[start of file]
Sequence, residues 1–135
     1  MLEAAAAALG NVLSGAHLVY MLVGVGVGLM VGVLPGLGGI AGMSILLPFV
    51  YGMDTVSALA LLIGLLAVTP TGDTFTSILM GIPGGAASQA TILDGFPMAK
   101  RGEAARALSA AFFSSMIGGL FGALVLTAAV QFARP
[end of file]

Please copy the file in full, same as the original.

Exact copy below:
Sequence, residues 1–135
     1  MLEAAAAALG NVLSGAHLVY MLVGVGVGLM VGVLPGLGGI AGMSILLPFV
    51  YGMDTVSALA LLIGLLAVTP TGDTFTSILM GIPGGAASQA TILDGFPMAK
   101  RGEAARALSA AFFSSMIGGL FGALVLTAAV QFARP